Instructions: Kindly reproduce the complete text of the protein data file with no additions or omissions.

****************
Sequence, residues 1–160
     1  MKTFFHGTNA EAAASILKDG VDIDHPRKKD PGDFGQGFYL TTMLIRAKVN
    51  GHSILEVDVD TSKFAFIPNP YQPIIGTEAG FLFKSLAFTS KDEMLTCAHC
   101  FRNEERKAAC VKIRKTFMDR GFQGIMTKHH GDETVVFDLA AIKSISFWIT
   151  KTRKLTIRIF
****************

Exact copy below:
Sequence, residues 1–160
     1  MKTFFHGTNA EAAASILKDG VDIDHPRKKD PGDFGQGFYL TTMLIRAKVN
    51  GHSILEVDVD TSKFAFIPNP YQPIIGTEAG FLFKSLAFTS KDEMLTCAHC
   101  FRNEERKAAC VKIRKTFMDR GFQGIMTKHH GDETVVFDLA AIKSISFWIT
   151  KTRKLTIRIF